Dozie A. is a Veritas Prep Head Consultant for the Kellogg School of Management at Northwestern University. His specialties include consulting, marketing, and low GPA/GMAT applicants. You can read more of his articles here.

Financial Times Business School Rankings for 2009

The Financial Times has just released its 2009 business school rankings, with Wharton and London Business School sharing the top spot.

There were a couple of notable milestones in this year’s FT rankings. LBS reached the #1 slot for the first time, breaking Wharton and Harvard Business School’s joint stranglehold on the #1 slot. Also notable was that for the first time an Asian business school cracked the top ten — Shanghai-based China European International Business School (CEIBS) came in at #8. Joining CEIBS in the top twenty were two other schools from Asia: The Indian School of Business ranked at #15, and the Hong Kong UST Business School was ranked #16.

You can see the full Financial Times rankings here. To learn what it takes to get into the world’s top business schools, visit Veritas Prep’s MBA Application Resources page. Also, for more updates on school rankings, be sure to follow Veritas Prep on Twitter.

BusinessWeek MBA Rankings for 2008

This just in! In an online chat, BusinessWeek has just revealed its 2008 business school rankings. Without further ado, here are the top 25 U.S. MBA programs for 2008:

1. Chicago (Booth)
2. Harvard Business School
3. Northwestern (Kellogg)
4. Penn (Wharton)
5. Michigan (Ross)
6. Stanford
7. Columbia
8. Duke (Fuqua)
9. MIT (Sloan)
10. UC Berkeley (Haas)
11. Cornell (Johnson)
12. Dartmouth (Tuck)
13. NYU (Stern)
14. UCLA (Anderson)
15. Indiana (Kelley)
16. Virginia (Darden)
17. UNC (Kenan-Flagler)
18. Southern Methodist (Cox)
19. Carnegie Mellon (Tepper)
20. Notre Dame(Mendoza)
21. UT Austin (McCombs)
22. BYU (Marriott)
23. Emory (Goizueta)
24. Yale
25. USC (Marshall)

And here are the top ten MBA programs outside of the United States:

1. Queen’s School of Business
2. IE Business School
4. Western Ontario (Ivey)
5. London Business School
7. IMD
8. Toronto (Rotman)
10. Oxford (Said)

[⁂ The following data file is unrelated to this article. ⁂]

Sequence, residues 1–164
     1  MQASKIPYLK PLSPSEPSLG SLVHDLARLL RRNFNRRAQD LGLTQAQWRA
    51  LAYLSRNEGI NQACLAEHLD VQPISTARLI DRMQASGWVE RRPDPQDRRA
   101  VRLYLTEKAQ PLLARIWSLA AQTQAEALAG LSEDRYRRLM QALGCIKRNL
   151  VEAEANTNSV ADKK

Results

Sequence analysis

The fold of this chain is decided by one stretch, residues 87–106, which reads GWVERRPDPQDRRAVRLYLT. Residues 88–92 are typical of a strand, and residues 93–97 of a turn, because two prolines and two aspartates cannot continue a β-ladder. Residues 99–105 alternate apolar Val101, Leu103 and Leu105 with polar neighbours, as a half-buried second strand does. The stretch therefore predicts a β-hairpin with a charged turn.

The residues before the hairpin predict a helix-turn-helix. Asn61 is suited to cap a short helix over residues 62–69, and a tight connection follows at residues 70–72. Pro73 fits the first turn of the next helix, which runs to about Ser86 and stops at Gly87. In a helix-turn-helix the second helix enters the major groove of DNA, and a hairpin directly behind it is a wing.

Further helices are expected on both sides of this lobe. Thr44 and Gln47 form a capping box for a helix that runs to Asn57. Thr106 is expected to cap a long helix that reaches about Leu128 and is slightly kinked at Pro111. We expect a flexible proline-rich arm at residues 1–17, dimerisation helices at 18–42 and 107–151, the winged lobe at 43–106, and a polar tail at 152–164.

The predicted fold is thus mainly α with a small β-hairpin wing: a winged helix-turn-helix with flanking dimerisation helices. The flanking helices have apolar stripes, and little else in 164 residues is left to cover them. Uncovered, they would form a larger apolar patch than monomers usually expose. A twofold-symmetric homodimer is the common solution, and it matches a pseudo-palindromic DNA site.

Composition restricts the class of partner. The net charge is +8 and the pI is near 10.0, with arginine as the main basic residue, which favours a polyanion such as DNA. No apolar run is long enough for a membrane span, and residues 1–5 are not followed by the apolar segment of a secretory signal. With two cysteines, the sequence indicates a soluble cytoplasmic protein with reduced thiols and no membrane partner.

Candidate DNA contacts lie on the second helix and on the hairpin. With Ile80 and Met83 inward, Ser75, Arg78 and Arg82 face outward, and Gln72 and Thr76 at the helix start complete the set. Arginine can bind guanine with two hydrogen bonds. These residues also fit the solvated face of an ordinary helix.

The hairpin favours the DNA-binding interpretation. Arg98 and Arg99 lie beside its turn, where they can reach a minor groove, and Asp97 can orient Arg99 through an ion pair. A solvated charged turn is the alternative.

U.S. News and BusinessWeek vie for the title of most closely watched business schools rankings. While it’s debatable as to whether the BusinessWeek MBA ranking system or the U.S. News ranking system is more valid, the fact that BW’s rankings only come out every two years always makes this announcement a little extra exciting. To its credit, BusinessWeek does a good job of building up the drama with its online chat format for announcing their business school rankings.

For more help with the business school application process, take a look at Veritas Prep’s MBA admissions consulting services. Also, for more updates on school rankings, be sure to follow Veritas Prep on Twitter.

Veritas Prep Featured in Inside Higher Ed

Inside Higher Ed, one of the leading voices on matters related to the higher education space, recently turned to Veritas Prep for insights on the competition among business schools in trying to outshine one another in the rankings. Chad Troutwine and I recently were in Washington, D.C., and we had a chance to sit down with Inside Higher Ed‘s Jack Stripling to discuss trends affecting the world’s top MBA programs.

Stripling’s article (“A Farewell to Arms Races?”) investigates what drives schools to roll out new academic programs, enhance their facilities, or make other significant changes. While there seemed to be a more blatant trend of schools “keeping up with the Joneses” in the 80’s and 90’s, many top schools seem to have taken a step back and are now making more deliberate changes that are in line with their core missions.